EU foreign and defence ministers will gather in Luxembourg today to assess the progress of the 2016 EU Global Strategy.
The plan, seeking a common strategy to deal with potential economic and security threats, has faced major challenges since its birth. In particular, the Brussels has struggled to find a joint response to China’s rise as the second-largest economy in the world.
Germany and France worried that their companies will lose their competitive edge to Chinese rivals in higher-value-added industries argue for greater checks on Chinese investment in Europe and greater state support for its industries.
Others, including Britain, the Netherlands and Scandinavian countries, oppose state intervention in their economies.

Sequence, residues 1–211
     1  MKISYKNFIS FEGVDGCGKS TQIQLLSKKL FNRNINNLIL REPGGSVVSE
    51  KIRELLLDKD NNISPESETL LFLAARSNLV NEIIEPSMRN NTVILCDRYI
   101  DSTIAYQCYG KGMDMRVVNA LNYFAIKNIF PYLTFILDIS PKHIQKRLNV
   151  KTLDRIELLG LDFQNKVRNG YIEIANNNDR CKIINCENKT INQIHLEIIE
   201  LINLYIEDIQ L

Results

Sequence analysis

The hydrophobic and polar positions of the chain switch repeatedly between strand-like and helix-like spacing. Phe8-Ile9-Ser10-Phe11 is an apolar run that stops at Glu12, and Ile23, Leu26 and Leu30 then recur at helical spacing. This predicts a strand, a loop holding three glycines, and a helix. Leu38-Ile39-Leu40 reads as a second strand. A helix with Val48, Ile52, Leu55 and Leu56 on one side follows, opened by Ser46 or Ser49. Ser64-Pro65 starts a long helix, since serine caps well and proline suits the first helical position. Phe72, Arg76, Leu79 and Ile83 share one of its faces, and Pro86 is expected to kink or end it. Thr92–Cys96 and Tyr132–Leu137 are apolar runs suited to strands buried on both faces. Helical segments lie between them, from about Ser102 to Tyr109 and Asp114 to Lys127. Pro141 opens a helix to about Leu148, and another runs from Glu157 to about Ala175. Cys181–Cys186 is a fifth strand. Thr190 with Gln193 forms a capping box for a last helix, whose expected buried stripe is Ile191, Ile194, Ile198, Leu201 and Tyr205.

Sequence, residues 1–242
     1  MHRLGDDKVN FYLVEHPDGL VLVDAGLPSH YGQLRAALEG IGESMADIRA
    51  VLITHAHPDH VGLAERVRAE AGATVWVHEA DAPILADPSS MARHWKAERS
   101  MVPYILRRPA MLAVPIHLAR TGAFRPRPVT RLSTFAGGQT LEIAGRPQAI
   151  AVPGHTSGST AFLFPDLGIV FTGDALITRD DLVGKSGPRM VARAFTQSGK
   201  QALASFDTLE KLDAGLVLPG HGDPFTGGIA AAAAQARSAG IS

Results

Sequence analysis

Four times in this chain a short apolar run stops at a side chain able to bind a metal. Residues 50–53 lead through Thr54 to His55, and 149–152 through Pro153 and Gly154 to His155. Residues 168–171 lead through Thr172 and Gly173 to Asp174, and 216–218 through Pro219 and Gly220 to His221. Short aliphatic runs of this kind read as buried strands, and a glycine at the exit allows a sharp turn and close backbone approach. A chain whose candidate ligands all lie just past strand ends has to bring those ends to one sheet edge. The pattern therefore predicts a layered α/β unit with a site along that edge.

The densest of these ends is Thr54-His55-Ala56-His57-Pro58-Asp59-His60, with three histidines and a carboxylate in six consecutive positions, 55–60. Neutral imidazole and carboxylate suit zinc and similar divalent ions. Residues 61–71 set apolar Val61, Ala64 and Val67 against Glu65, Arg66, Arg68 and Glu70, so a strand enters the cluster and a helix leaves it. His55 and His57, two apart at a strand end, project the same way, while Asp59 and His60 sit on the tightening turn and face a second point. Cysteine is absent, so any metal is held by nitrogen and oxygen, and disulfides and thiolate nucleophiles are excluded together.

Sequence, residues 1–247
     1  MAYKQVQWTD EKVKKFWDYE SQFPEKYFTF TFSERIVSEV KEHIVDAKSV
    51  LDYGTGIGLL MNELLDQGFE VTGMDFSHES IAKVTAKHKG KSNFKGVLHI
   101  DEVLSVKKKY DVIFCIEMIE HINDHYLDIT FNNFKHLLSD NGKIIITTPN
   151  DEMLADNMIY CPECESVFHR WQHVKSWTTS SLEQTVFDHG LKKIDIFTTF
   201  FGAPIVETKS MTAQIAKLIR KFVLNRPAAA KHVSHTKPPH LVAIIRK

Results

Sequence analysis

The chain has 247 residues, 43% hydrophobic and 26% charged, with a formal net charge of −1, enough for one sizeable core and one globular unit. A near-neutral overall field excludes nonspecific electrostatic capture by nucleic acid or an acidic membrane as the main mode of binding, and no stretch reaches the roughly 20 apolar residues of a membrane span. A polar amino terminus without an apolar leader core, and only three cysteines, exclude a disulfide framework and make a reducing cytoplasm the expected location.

Others yet, such as Hungary, Greece and Italy, seek to increase economic cooperation with China, particularly through the Belt and Road Initiative.
This division has precluded the formation of a cohesive strategy, which is unlikely to be resolved today or in the medium-term.
Such inertia is good news for Beijing as it expands its influence in Europe but bodes ill for Washington’s containment strategy against China.